Plant first aid

Remember Lazarus? He looked like this?

Well, a week after ‘the incident,’ I realised that his leaves were still looking healthy and green, so I thought ‘I wonder if I could resucitate him.’ So I headed out on to the balcony with my floral tape and bandaged him up a bit.

He still wouldn’t stand up straight any more, so I thought ‘Oh, maybe he needs to be staked.’ Not staked in a Buffy way, obviously – The Celery Stalks at Midnight this is not! But the problem was I did not have a stake. So after looking around my apartment for something to use as a stake, I came up with this:

It may be a little hard to see, but he is staked to a knitting needle. So far it’s working pretty well. We’ll see how it goes, though – that bastard squirrel was back on my balcony again this morning…

Also, here’s a photo of my cherry tomato bounty:

And the new hope of the garden:

ETA: That bastard squirrel was on my balcony again this morning! And so was a giant crow or raven or…whatever, a giant black bird! What is with all the WILDLIFE (okay, there’s nothing wrong with wildlife, but why must they try to eat my hard-grown tomatoes!)!

*shakes fist in manner of elderly person trying to get ‘those damn kids off my lawn’*

Fiction

The Arrival by Shaun Tan

This is one of the most beautiful books I’ve ever seen. It’s already starting to win awards in Australia and it’s not hard to see why. It’s the wordless story of an immigrant’s journey, his experiences, the people he meets, and the stories they share. Really, I suppose that’s it, but it’s so much more when you see it.

Shaun Tan’s illustrations are breathtaking. Seriously, it made me cry, that’s how gorgeous they are. There are some that are more the typical size of panels in a graphic novel, others are smaller, and some are two-page spreads. Here are a few examples, just so you can see:

The two-page spreads are obviously the most impressive ones, but even the simple things are drawn beautifully.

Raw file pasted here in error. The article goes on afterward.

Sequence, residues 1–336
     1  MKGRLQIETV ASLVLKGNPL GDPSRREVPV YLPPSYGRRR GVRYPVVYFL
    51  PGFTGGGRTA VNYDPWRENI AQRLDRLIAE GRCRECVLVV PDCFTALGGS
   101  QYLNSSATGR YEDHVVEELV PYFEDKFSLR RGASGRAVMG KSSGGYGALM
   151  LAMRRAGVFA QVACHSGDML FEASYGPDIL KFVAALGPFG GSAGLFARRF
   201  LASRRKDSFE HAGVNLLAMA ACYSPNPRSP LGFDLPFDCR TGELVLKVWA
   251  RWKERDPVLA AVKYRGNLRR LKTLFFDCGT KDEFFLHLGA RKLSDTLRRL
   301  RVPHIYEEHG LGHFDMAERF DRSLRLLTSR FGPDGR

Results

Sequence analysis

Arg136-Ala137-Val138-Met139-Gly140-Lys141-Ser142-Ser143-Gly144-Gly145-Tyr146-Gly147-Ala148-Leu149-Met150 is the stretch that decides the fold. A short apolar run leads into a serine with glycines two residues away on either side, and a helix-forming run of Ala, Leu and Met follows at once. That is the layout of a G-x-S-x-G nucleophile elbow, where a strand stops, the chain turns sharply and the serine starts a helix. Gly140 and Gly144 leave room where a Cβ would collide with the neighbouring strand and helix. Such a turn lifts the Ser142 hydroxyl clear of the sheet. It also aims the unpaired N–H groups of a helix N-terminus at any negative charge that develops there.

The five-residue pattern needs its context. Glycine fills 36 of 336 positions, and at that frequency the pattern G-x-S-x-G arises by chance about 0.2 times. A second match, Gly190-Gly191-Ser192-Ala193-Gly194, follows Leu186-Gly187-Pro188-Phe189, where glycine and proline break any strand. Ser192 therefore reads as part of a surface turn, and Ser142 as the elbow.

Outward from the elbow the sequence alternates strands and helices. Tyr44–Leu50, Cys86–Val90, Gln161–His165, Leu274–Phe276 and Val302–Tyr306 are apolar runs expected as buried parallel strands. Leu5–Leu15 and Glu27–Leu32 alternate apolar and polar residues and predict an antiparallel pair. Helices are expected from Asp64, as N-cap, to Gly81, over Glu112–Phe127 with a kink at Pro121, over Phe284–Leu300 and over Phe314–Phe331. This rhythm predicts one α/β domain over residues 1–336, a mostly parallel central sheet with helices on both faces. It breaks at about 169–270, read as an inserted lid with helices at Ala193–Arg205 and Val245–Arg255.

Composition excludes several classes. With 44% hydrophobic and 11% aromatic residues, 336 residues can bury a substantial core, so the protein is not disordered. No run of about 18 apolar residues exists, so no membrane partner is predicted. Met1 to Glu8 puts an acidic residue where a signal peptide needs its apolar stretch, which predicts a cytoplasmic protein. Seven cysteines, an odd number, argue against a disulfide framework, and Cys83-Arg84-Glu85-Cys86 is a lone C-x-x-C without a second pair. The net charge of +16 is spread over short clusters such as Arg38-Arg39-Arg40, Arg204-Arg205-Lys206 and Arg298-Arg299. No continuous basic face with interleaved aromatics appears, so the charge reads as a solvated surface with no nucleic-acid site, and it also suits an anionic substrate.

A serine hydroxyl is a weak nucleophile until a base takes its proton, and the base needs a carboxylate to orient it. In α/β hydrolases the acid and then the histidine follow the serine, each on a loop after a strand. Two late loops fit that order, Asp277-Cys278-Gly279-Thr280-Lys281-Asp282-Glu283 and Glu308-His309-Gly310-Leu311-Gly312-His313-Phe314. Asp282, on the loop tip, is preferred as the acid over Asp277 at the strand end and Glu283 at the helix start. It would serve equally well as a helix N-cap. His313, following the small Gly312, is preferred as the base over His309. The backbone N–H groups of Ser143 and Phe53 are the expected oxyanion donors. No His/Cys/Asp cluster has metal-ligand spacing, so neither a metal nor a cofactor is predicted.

The other impressive thing about this book is the care that was obviously put into the design of it. The cover looks like an old photo album that you would find in an old trunk tucked away in the corner of an attic somewhere. Some of the pages have creases or water spots drawn onto them which all mesh seamlessly with Tan’s sepia drawings.

It’s just absolutely gorgeous.

My rating:

Art: A+

Story: A+

Fiction

The Light Fantastic by Terry Pratchett

So in the midst of my earlier book ennui, I found myself at Pages for All Ages, hoping for the new issue of Q magazine to cheer me up a bit. Alas, they are surprisingly behind schedule and I still don’t have the Guitar Heroes issue. Lame! But. While I was there, I remembered my friend from work saying that she really liked Terry Pratchett’s books and that her favorite was, surprise, surprise, given the subject of this post, The Light Fantastic. She recommended any of the books about the wizards or the night watchmen, but said that this one in particular was her favorite.

Since I was looking for something that would be a quick, entertaining read and I know lots of people think he’s very funny, I thought ‘Why not?’ and picked it up.

And all those people? Totally right. He’s very funny. But it doesn’t feel like it’s funny just for the sake of being funny. He manages to be funny in the middle of the plot and the characters and everything. Sometimes it’s puns, sometimes it’s just an odd way of looking at or describing things, and other times it’s just a monumental irreverence.

There is an inept wizard, an aging hero, an unflappably optimistic tourist, and sentient luggage (I definitely wish my luggage loved me!). There is also a camera which, instead of using film, contains a very small demon who is responsible for painting the image the camera sees. If I described the plot, it might not sound like much (said inept wizard is responsible for saving the world), but it’s more how he writes the story that makes it worth the read.

The only bad thing is that Terry Pratchett has a ton of books out, I think, so now I’m going to have to work my way through the rest of them! But highly recommended if you’re looking for a bit of an easy read that’s cheerful and funny and doesn’t require too much in the way of thinking.

My rating: A-